From Thairath, August 1, 2013
Cartoon title: Blowing whistles to mobilize those whose blood spills into their eyes
In Premier Yingluck Shinawatra’s hands: Amnesty
On death’s sleeve: 100 dead bodies
[Blowing the whistle is the Democrat Party’s MP and former deputy prime minister, Suthep Thaugsuban.]
Words in front of the whistle: Provoke a mob outside of the parliament to topple the government
Headband on man with mask: Fake Al Qaeda [refers to the video clip threatening Thaksin’s life]
On back of old man: Old soldiers
Headbands on men in the forefront, from left: Mob; freezing
Phi Nooring: Help dismiss their own cases [referring to former prime minister Abhisit Vejjajiva’s and Suthep’s cases relating to the Red Shirt protest in 2010]
Mouse: Stop committing sins
[“Blowing a whistle” can simply mean a signal to start doing something or it can be a sort of warning, calling out to everyone who is nearby, that something wrong is happening. In the Thai context it calls to mind former PM Chavolit’s threat that he could blow a whistle and the country would be in flames. This is the same sort of “dissatisfaction” threat that the Red Shirt leaders made when they threatened arson and proclaimed that nothing is illegal when taking back the country from “thieves.”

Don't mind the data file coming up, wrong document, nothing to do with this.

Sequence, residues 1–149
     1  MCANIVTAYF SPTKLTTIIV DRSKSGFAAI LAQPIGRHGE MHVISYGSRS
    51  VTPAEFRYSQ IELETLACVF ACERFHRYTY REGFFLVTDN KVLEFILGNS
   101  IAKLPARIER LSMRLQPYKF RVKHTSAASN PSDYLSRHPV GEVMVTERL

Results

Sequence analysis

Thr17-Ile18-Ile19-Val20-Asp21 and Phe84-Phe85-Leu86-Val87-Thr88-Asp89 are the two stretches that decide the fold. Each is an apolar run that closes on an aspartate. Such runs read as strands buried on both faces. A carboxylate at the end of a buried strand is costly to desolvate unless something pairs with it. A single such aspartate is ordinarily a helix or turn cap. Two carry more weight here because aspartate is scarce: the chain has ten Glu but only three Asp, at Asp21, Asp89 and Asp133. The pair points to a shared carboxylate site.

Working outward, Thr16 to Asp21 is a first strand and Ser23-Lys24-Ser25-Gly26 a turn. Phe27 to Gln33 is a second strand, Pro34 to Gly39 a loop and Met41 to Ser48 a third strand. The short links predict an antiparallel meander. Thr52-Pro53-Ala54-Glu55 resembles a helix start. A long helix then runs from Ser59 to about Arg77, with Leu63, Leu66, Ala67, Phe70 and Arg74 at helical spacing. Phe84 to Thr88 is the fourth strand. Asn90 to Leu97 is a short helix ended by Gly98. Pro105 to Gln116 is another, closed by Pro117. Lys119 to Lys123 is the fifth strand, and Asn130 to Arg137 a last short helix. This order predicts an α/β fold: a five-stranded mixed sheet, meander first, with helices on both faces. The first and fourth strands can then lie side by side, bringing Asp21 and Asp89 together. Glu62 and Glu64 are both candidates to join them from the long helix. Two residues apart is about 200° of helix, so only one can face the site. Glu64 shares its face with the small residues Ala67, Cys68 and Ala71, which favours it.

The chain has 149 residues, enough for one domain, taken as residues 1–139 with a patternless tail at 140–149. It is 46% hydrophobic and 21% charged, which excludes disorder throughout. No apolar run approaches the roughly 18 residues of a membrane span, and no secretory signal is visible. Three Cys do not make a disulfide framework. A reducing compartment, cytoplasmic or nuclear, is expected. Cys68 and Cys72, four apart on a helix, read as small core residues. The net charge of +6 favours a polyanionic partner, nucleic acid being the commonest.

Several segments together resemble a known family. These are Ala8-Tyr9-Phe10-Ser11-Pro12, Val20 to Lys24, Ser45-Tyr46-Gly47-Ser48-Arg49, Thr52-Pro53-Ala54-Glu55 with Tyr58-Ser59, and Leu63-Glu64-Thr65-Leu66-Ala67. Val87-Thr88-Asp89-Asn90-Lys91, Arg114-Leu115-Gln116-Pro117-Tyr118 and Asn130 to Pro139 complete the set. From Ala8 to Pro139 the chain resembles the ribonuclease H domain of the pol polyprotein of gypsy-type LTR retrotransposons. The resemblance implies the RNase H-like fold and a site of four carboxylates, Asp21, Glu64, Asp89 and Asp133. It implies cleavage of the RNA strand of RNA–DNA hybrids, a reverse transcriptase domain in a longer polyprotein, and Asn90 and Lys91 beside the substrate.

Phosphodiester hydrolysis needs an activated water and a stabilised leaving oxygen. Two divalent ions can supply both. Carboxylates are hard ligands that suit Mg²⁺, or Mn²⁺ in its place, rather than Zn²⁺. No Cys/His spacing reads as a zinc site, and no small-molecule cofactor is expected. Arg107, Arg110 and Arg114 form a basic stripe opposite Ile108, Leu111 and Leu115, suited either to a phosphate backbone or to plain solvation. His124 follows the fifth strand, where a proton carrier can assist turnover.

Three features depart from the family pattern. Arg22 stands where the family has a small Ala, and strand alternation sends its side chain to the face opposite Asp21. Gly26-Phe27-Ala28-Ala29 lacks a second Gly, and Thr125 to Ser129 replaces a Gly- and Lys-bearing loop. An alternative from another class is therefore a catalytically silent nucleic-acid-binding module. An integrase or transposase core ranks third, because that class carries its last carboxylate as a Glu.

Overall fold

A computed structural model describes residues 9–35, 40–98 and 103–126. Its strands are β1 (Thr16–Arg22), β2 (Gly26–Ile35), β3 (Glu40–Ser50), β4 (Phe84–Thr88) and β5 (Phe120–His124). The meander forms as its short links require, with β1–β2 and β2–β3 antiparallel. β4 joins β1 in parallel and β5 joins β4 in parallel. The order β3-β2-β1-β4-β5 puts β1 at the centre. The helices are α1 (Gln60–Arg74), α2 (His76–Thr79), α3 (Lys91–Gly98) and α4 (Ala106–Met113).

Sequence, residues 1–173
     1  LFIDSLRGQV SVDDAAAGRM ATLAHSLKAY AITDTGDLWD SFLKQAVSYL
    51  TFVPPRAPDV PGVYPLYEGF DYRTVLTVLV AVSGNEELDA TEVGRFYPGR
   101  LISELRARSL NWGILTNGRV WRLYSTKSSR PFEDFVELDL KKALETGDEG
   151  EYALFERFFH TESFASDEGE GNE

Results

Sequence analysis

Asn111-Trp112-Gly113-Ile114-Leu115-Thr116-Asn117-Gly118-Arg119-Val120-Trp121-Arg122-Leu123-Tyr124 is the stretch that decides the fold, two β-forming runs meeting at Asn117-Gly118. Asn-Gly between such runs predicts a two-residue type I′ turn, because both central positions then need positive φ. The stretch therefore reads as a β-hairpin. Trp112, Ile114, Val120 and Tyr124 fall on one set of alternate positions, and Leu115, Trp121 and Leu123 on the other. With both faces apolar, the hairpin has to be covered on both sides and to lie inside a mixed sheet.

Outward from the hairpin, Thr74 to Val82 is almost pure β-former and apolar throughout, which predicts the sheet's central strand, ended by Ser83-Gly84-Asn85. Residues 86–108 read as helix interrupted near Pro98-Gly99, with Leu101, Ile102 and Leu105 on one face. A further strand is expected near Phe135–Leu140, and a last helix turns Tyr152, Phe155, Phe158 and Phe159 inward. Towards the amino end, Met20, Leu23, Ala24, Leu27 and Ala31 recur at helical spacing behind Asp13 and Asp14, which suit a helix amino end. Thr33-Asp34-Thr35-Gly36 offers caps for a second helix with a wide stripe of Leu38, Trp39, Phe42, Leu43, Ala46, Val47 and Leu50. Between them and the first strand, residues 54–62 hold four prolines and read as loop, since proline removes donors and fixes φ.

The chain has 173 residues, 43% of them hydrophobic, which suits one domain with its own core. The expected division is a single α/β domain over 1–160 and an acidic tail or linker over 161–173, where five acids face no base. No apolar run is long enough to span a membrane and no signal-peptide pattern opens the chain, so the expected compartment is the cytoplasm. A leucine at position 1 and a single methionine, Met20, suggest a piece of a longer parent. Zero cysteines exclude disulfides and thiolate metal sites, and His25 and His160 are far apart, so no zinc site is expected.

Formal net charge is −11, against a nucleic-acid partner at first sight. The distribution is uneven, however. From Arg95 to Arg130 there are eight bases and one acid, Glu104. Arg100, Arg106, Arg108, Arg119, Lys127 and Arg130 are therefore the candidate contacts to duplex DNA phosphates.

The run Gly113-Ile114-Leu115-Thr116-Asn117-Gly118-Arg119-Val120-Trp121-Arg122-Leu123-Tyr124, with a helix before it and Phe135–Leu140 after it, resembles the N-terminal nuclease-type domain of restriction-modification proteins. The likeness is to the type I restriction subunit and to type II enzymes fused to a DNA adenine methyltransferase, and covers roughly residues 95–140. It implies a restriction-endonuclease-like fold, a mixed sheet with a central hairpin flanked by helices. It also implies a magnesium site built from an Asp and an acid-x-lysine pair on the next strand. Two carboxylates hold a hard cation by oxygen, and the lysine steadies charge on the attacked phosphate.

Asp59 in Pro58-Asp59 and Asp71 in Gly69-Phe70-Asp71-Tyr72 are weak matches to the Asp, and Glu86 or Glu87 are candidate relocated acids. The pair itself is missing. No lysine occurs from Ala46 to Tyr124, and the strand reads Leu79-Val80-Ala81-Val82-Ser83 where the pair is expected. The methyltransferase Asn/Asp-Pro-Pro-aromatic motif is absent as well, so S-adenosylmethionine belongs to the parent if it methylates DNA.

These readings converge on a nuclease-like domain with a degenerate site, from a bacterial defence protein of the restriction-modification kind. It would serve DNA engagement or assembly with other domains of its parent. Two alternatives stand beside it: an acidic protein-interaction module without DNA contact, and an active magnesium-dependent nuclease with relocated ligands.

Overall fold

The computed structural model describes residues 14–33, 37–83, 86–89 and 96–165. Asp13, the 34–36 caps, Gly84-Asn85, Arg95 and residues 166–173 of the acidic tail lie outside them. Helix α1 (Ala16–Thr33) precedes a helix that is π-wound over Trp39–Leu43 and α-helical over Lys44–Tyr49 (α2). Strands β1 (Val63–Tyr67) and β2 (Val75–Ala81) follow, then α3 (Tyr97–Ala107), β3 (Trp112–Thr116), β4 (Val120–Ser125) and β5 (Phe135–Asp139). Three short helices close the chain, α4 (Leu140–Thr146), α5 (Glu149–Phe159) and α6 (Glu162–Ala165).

In the Thai context, people are taught to be very careful about speaking out as this might cause another to lose face. Open disagreement is not seen as a normal and commendable part of democratic life, but as the least desirable state and a signal that society has broken down. Thus, public whistle blowing is meant to cause a loss of face as a loud whistle is the ultimate public show of disagreement.
The Thai saying “blood spills in one’s eyes” means the person is left with no choice but to fight to the death.
So here, the cartoonist contends that whistle blowing protest by the anti-amnesty protesters is causing “blood to spill the eyes” of those who are incarcerated (or under legal threat) for political violence of the last few years.
The bid to block amnesty means that those in jail or under legal threat are being provoked and may have to rise up and fight violently to the death.
This entire scenario is calculated. Getting protesters to shed blood (either during the Red Shirt sieges of Bangkok in 2009 and 2010 or in response to whistle blowing) is meant to create an atmosphere in which there is an imperative for a pardon for all (as opposed to divisive finger pointing and blaming, the least desirable Thai outcome). That such a pardon would invariably have to cover Thaksin and allow him to return to politics is the underlying motivation.]